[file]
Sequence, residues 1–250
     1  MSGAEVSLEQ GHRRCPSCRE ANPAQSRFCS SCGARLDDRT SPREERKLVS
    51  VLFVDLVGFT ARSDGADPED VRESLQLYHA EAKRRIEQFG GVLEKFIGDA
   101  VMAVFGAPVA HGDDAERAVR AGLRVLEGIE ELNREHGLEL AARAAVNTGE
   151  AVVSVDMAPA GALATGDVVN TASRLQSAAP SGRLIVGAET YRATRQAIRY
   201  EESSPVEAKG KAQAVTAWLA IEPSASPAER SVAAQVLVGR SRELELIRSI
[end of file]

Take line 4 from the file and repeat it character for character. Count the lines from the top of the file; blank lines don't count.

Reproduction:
   101  VMAVFGAPVA HGDDAERAVR AGLRVLEGIE ELNREHGLEL AARAAVNTGE